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Lycoming College hosted 50 faculty and students for a National Science Foundation (NSF) and Howard Hughes Medical Institute-funded workshop for the Genome Consortium for Active Teaching-NextGen Sequencing group (GCAT-SEEK) June 2-6. This consortium is funded through the NSF’s Research Collaboration Network for Undergraduate Biology Education Program. Participants came to campus from as far away as California, Minnesota and Texas. Jeff Newman, Ph.D., associate professor and chair of biology at Lycoming, is a co-principal investigator on the five-year, $445,000 grant.
“The objectives of the consortium are to bring the most recent DNA analysis technologies into the undergraduate curriculum and to build a community of faculty with expertise in this rapidly developing field,” Newman said.
The workshop featured a keynote address on the incorporation of authentic research into undergraduate courses by Regina Lamendella, Ph.D., of Juniata College. An advance preview was given by Jessamina Blum, Ph.D., managing editor of CourseSource, a new web-based venue at the University of Minnesota for the peer-review and publication of novel curriculum modules. Wade Roberts, Ph.D., and James Roney, Ph.D., of Juniata College led a discussion of the ethical, legal and social implications of DNA analysis.
The majority of the workshop consisted of five, half-day sessions in which the participants worked in smaller groups to learn how to prepare samples for the new DNA sequence analysis instruments, and how to perform the data analysis when their data is ready.
Newman led the group studying DNA from purified bacteria, while Lamendella’s group focused on analyzing DNA isolated directly from the environment, such as soil, creeks and sewage treatment plants. Vincent Buonaccorsi, Ph.D., of Juniata College led a group learning how to analyze the DNA of higher organisms such as plants, worms, insects, fish and mammals. The group led by Mark Peterson, Ph.D., of Juniata College and Arthur Hunt, Ph.D., of the University of Kentucky investigated how to identify just the parts of the DNA that are active at any given time.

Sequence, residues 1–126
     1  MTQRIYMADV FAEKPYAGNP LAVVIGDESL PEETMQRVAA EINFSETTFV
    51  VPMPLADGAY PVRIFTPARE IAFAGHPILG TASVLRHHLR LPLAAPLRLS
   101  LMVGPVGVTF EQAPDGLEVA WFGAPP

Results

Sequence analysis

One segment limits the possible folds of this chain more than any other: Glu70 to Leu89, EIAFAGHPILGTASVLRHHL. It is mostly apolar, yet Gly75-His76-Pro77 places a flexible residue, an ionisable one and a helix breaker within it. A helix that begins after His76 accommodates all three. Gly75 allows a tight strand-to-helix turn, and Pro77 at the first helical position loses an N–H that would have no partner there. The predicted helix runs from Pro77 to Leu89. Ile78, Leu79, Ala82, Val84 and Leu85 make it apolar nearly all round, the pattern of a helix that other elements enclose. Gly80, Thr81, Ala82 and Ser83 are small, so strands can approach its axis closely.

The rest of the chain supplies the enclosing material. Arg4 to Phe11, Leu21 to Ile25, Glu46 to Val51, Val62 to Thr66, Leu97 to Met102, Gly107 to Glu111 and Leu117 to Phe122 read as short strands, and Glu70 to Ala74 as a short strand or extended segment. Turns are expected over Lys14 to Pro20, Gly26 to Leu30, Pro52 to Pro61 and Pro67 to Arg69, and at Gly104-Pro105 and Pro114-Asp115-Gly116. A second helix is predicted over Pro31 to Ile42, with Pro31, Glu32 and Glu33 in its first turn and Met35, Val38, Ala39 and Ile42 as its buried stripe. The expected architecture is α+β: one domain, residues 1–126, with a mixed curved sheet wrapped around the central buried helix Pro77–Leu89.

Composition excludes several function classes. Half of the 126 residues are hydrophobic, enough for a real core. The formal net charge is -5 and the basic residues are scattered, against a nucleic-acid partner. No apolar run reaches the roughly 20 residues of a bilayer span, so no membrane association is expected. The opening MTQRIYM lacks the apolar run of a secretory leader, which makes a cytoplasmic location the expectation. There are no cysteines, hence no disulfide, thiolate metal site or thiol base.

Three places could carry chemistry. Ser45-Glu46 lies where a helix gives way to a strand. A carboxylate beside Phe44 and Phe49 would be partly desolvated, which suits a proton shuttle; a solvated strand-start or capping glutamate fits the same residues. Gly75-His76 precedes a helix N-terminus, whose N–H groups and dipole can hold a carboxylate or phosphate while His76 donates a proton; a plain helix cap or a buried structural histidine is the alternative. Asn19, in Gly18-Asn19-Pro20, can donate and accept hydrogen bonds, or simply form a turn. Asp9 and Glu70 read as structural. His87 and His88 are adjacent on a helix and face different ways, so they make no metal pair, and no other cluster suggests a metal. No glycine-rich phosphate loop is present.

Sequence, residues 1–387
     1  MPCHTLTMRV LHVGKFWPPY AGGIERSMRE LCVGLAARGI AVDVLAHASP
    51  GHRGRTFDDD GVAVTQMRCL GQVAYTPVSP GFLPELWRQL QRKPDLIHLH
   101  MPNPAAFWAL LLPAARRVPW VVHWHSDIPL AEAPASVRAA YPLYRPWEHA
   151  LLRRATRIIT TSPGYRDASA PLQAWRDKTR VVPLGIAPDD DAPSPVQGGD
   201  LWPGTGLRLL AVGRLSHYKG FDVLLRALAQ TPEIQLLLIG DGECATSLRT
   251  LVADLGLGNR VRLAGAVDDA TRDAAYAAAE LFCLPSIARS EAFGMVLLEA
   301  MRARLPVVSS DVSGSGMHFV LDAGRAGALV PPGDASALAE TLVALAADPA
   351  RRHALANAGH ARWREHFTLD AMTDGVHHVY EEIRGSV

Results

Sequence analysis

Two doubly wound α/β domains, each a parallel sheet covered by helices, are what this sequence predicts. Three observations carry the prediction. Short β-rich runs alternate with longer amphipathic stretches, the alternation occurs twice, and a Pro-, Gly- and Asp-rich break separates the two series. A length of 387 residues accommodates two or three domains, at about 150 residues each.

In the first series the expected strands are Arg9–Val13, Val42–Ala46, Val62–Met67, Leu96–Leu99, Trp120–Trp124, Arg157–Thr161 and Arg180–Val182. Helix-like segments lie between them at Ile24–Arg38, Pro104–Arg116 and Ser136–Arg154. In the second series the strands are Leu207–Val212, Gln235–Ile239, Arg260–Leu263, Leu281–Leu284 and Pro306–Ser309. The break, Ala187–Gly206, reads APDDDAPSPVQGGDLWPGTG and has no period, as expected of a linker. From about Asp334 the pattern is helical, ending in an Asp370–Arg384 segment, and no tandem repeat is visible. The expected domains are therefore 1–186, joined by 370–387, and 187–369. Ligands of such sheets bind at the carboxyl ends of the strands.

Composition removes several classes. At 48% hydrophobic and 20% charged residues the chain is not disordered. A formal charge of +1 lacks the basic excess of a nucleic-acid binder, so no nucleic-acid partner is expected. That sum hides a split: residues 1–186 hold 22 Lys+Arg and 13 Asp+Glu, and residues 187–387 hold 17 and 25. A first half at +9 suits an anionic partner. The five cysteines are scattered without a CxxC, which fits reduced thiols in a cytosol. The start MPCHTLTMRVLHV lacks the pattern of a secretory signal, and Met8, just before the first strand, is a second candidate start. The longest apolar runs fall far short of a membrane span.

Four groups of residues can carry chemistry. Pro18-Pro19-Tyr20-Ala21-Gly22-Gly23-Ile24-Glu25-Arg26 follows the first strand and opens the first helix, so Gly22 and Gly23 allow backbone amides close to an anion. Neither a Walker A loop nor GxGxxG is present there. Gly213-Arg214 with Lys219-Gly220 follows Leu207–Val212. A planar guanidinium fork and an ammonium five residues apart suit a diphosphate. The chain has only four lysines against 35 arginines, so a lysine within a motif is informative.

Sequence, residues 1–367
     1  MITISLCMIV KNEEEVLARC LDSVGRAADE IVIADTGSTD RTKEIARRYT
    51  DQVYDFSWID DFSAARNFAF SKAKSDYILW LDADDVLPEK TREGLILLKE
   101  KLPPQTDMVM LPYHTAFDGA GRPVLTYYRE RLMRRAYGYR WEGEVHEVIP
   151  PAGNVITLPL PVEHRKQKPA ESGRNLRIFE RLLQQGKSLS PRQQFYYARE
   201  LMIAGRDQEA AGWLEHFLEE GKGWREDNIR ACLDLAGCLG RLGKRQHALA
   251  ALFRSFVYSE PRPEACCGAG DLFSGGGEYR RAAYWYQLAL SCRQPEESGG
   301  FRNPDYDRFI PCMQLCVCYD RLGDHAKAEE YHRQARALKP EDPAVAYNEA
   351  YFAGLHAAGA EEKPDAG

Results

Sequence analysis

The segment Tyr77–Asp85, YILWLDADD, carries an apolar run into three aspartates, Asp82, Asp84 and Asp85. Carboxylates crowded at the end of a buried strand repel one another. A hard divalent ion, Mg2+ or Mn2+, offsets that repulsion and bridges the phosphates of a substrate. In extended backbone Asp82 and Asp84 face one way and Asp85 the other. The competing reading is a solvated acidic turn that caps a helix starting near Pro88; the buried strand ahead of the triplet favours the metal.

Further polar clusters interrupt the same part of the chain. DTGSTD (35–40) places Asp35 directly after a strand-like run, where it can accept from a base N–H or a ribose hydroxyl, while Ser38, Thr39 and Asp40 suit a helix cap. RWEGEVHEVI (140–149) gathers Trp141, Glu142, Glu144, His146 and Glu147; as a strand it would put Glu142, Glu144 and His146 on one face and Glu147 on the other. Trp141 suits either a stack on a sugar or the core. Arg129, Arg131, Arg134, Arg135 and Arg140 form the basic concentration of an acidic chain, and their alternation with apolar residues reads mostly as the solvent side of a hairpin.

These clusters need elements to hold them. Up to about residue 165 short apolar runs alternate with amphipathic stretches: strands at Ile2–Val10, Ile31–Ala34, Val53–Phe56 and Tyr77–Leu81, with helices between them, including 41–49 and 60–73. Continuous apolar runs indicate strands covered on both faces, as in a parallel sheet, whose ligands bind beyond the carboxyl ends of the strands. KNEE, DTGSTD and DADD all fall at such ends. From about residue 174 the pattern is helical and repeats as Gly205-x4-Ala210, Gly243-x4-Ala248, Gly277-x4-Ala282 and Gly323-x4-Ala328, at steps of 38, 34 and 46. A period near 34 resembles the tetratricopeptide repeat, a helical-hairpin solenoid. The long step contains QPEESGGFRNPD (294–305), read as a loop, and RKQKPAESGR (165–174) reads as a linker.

“Most of the sessions included laboratory-based experimental work and bioinformatics, a growing field in which one used sophisticated tools to analyze biological data,” Newman said.
Students assisted with each of the sessions. Helping with the bacterial genomics section were Lycoming students Samantha Stropko ’15, Sayre, Pa., and Shannon Pipes ’15, of Asbury, N.J., both of whom are conducting research in Newman’s lab this summer.
During the evening sessions, participants developed curriculum modules to incorporate data generated in the workshop into their courses. The Curriculum and Assessment Sessions were led by Nancy Trun, Ph.D., of Duquesne University and Tammy Tobin, Ph.D., of Susquehanna University. The participants then presented their curriculum modules to the rest of the group on the morning of the last day. After the curriculum development sessions, participants shared their research activities at scientific poster sessions and networked each evening during a social reception.
Lycoming College is a four-year, residential liberal arts and sciences school dedicated to the undergraduate education of 1,400 students. Its rigorous academic program, vibrant residential community and supportive faculty foster successful student outcomes. Lycoming offers 36 academic majors and is recognized as a Tier 1 institution by U.S. News & World Report. Founded in 1812 and located near the banks of the Susquehanna River in Williamsport, Pa., Lycoming is one of the 50 oldest colleges in the nation. For more information, visit www.lycoming.edu.